HELPING AND ADVISING PHILOSOPHY 4
older adults choose to return to school is that they are facing a marriage challenge,
unemployment, or simply expanding their knowledge to achieve a certain academic level. For
traditional learners, the reasons why such ages toss in academics are because they have
something that is the matter at home or with their relationships, how I should assist such old
learners when their lives are happening as such lingered so much in my mind. I truly understand
what students are going through, the transition process, and I entirely embrace them.
3. Integrity development
Looking back at my student conduct, I realized that enhancing my integrity is crucial to
me and all students as well as the staff. I learned that it is not profitable for students and
academic staff to involve them in doing something they are forced to do by friends, relatives, or
family members, but they should learn to decide for themselves.
4. Purpose development
My advising philosophy has enabled me to build on a purpose which entails scrutiny of
students and why they each choose the learning institutions and the specific degree they are
currently pursuing. I will also use resources to help students determine a significant course if
they are unsure which one to choose(NACADA, 2017). Upon starting a learning process, it is
crucial to ask questions like, what do the students want to achieve in their degree? Over what
duration do they intend to achieve their targets? Are they in any clubs, welfare, or organizations?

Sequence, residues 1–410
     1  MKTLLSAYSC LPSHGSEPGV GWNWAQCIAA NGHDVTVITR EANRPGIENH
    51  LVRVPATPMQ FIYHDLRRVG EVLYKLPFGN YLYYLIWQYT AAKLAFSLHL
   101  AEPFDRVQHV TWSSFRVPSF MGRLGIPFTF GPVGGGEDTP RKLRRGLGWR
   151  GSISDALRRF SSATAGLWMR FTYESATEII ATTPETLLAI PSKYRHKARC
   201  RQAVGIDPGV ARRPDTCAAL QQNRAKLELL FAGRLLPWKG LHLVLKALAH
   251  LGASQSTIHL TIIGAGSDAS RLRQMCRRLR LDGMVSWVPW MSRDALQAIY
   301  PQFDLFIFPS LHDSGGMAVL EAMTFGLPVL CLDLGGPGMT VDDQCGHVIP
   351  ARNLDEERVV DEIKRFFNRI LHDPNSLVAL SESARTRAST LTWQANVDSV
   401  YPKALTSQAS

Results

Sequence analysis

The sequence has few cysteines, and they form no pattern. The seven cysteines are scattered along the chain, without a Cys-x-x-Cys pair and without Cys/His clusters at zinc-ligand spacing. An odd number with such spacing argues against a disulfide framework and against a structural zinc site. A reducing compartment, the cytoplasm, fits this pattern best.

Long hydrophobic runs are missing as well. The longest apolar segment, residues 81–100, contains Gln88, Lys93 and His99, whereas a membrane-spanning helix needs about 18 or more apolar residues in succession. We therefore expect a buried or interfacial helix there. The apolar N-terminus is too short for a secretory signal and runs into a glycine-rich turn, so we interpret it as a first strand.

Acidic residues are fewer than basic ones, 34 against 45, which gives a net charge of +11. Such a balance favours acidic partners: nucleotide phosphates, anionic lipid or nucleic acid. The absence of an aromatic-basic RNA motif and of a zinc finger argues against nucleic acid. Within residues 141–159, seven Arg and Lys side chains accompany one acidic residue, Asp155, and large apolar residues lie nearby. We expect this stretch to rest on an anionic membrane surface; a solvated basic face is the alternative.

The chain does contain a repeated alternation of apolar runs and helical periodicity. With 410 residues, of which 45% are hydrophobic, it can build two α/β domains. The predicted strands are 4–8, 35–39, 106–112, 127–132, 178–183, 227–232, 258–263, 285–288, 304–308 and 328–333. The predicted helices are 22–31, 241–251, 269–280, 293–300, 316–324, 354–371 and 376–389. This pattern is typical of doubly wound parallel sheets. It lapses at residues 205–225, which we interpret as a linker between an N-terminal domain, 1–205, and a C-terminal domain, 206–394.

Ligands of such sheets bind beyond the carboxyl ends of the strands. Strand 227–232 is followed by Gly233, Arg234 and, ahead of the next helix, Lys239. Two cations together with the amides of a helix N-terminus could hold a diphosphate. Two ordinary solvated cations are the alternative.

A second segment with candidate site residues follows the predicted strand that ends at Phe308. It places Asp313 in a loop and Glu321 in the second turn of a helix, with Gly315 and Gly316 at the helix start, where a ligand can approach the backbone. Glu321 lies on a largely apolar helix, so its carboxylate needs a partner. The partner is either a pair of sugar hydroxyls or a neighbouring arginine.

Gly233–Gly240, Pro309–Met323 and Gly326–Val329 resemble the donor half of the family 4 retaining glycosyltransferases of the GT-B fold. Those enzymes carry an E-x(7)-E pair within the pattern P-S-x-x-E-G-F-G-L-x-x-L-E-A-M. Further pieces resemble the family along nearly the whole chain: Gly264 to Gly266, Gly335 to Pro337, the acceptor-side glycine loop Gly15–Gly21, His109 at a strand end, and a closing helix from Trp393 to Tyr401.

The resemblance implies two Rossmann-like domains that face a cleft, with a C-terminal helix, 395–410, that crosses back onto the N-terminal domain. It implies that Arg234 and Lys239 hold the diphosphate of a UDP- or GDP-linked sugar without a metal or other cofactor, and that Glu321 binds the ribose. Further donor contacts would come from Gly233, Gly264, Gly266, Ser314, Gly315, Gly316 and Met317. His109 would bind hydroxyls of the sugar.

(Meyer, 1980). Students tend to perform best whenever they have a definite purpose in their
learning activities. I have witnessed many learners quit school due to a lack of substantive
purpose or target timeline.
5. Value of students
HELPING AND ADVISING PHILOSOPHY 5
Every student that I have met knows that they are essential to the learning community.
They deserve to be known by their names and identification numbers in the learning community.
It is never my desire to see a student go down or quit learning due to marginalization. I will,
therefore, take all the time they need to meet with me.
A professional advisor's role was to assist learners through various requirements touching
on the most efficient and beneficial ways and ensuring that their training and career were in line
with their career goals. The role included advising and helping students define their workforces
to make their skills more appropriate in the activity. However, these skills changed concerning
the individual learners’ environmental setup, confusing my role as the advisor. Moreover, this
confusion proceeded for some time because I laid an inadequate definition of myself. My
experience changed from then henceforth. I became an advisor who could tell the students more
than just putting up good learning objectives and setting targets. The questions asked, and the
answers given went beyond deciding on a degree to pursue. For students entering the learning
institution for the first time, professional advising is crucial not from a career advisor but a
professional in student orientation.
HELPING AND ADVISING PHILOSOPHY 6
Dyer, A. N. (2007). Advisement Philosophy. In Folsom, P. (Ed.). The New Advisor Guidebook:
Mastering the Art of Advising through the First Year and Beyond. Manhattan, KS:
National Academic Advising Association.
Meyer, M. (1980). Dialectic and Questioning: Socrates and Plato. American Philosophical
NACADA: The Global Community for Academic Advising. (, 2017). NACADA core values of
Academic Advising. Retrieved from